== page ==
You might hope – briefly, and only if you hadn’t been paying attention to the world – that a programme called A Very British Cult was a sitcom, set in the suburbs, based around a sect designed as a cover for a deeply unattractive man to have sex with other people’s wives in a cul-de-sac. But alas, as is so often the case with optimistic interpretations, you would be wrong. A Very British Cult is a careful, delicate, remorseless investigation and anatomisation of the real suffering seemingly caused by an organisation known as Lighthouse.
Journalist Catrin Nye takes us through it step by step. First we meet the people who are willing to go on camera to talk about their experiences. There is Jeff, who was full of ambition but lacking direction when he crossed paths, during a self-improvement webinar, with a man called Jai Singh who was with Lighthouse and offered him personal mentorship. Singh told Jeff that he was very open, very teachable and had a great work ethic, and under his guidance Jeff did learn to speak and write better than before. It seemed only sensible to sign up for the £10,000 “Discipline programme” for a year of more intense mentoring. And to “invest” £25,000 after that to become an associate member and gain better access to the revered founder of the movement, Paul Waugh.
We meet Jeff’s girlfriend Dawn, who recalls becoming more and more concerned about the increasing number of hours he was spending on the phone to Singh and how dependent he was becoming on his mentor’s approval in all matters, including their relationship.
Anthony Church is another former member of Lighthouse. He was on medication for a longstanding anxiety disorder when he met the man who would become his mentor at a networking event. “I felt seen and I felt heard,” he says. His story follows Jeff’s in most particulars – the money handed over, the gradually increasing length of phone calls with, and dependence on, Lighthouse. But where the organisation seemed to be working to separate Jeff from Dawn, with Anthony it worked to separate him from his medication.
All of this is well documented by Lighthouse because it recorded everything – including every personal admission and secret shared by mentees. Part of the members’ duties to the group was to transcribe the recordings of every phone call every day, proof and correct them. Waugh claims it’s because they have nothing to hide. But it also served to keep them busy and enmesh them further in Waugh’s web, with members being aware that they have every confession recorded if they leave.
“Erin” (whose name has been changed and whose testimony is voiced by an actor) had been a victim of child sexual abuse. When she tried to leave Lighthouse, we hear the audio recording of Waugh reminding her that they have taped everything and saved her journals. “You’re so fucked up,” he snarls at her. “Broken. You come from a family of serpents, pricks and cowards … You’re a cynical little old witch.” In keeping with the dreadful psychological damage already inflicted on her, she began to believe he was right.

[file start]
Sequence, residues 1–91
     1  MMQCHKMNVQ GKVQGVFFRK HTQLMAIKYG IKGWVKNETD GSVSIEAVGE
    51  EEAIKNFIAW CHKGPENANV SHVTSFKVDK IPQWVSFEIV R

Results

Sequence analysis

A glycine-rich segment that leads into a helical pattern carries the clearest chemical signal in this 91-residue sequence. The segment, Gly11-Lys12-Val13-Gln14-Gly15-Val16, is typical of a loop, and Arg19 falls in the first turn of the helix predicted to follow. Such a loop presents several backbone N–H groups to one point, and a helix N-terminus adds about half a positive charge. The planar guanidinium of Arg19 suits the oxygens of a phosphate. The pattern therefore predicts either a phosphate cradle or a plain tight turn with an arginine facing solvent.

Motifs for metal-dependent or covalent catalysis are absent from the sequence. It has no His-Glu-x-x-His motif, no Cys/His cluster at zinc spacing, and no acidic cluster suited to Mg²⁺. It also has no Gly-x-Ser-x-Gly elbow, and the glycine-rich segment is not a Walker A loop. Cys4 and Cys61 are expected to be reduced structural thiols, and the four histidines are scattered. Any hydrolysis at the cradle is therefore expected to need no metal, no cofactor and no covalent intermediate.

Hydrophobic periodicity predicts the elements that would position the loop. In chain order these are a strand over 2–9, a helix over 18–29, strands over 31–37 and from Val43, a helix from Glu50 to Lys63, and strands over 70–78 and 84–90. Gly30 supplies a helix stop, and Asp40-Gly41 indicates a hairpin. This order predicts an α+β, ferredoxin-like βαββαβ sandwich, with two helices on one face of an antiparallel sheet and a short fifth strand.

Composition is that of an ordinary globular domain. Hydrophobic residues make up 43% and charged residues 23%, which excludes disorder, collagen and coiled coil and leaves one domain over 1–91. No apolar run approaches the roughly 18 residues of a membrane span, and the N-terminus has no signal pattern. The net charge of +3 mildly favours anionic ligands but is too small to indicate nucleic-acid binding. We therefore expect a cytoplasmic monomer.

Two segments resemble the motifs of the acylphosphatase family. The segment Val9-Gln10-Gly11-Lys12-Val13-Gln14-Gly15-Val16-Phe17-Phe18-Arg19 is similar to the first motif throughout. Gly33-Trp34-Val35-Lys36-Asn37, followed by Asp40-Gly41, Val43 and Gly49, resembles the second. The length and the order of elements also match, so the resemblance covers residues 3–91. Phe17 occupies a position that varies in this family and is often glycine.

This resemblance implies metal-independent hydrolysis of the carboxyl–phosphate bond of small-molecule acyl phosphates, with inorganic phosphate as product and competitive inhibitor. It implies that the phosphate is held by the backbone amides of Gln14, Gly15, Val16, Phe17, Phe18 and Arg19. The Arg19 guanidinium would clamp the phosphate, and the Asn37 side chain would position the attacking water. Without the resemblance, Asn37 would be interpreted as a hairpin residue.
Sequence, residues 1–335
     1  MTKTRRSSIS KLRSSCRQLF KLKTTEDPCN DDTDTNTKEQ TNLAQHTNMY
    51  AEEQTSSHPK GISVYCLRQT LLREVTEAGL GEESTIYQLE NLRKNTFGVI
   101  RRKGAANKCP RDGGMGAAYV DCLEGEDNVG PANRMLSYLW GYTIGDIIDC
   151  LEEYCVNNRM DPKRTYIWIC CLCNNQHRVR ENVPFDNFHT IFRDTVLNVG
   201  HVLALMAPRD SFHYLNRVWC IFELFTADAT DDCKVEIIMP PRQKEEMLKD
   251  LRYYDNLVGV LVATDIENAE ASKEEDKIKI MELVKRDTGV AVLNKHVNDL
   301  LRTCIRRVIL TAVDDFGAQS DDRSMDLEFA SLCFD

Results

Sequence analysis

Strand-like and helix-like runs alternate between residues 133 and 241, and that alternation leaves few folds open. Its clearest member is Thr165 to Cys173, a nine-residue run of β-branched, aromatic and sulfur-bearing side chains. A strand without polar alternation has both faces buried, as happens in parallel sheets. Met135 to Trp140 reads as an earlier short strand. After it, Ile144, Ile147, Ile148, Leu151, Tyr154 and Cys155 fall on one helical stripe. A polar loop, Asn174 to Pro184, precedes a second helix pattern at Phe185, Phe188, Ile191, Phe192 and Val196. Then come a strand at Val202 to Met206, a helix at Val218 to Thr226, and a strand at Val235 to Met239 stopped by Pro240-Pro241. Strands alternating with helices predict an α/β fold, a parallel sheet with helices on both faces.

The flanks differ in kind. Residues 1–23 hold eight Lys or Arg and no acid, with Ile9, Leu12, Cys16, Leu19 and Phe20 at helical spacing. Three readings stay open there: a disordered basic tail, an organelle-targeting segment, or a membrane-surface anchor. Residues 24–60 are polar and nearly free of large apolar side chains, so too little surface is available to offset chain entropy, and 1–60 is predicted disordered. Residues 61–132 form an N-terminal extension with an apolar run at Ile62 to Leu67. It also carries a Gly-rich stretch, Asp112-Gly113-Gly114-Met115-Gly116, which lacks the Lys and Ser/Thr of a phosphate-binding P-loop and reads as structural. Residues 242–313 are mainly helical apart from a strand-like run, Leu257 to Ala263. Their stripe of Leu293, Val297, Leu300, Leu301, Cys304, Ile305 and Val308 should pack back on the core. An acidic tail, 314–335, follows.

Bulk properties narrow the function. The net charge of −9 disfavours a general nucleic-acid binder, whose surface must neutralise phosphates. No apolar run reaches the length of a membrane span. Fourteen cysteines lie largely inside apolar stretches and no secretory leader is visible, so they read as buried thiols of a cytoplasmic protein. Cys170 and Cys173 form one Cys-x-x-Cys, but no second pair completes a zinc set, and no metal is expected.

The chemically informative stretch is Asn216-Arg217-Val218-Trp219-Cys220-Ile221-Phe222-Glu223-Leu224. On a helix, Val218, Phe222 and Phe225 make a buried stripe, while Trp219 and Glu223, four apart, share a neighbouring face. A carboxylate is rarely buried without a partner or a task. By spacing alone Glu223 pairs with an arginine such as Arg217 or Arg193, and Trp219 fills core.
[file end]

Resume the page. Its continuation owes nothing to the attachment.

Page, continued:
Martin’s daughter is still with Lighthouse and professing her happiness while declining to see her family. “It’s as if she’s died,” he says, fighting back tears.
Thus the money kept rolling in – Nye’s team finds millions paid into the Lighthouse account, half of which is paid out to Waugh, who lived in a mansion while his underlings were crammed into shared houses. The team also discovers that Lighthouse is already under government investigation and Nye confronts Waugh as he leaves court after his vicious business has been shut down, though he himself does not seem to have been subject to any sanctions. He denies that Lighthouse is a cult, and reacts as aggressively and nonsensically (“You supported Jimmy Savile! You must receive the facts!”) as any bully faced with someone insisting on the truth, but Nye does an admirably persistent job.
What A Very British Cult does most effectively, however, is show the workings of the group and make comprehensible its success in what appears to be brainwashing perfectly intelligent, ordinary, reasonable people. Different vulnerabilities were seemingly exploited in different ways – praise and blandishments for Jeff, and the promise of refuge for Erin, plus self-actualisation, support and a little more avuncularity for Anthony. Then appearing to use coercion, isolation, monopolising their time and energy, and eventually, once they were weakened enough, straightforward bullying, draining them of their financial resources.
This documentary is a study in the worst of humanity, with glimpses of the best. We see it in the courage of those talking to Nye, in Dawn’s love for Jeff and in her faith that he could be restored to her. You can only hope that one day soon Martin’s love for his daughter will be similarly rewarded.
• A Very British Cult aired on BBC Three and is available on BBC iPlayer.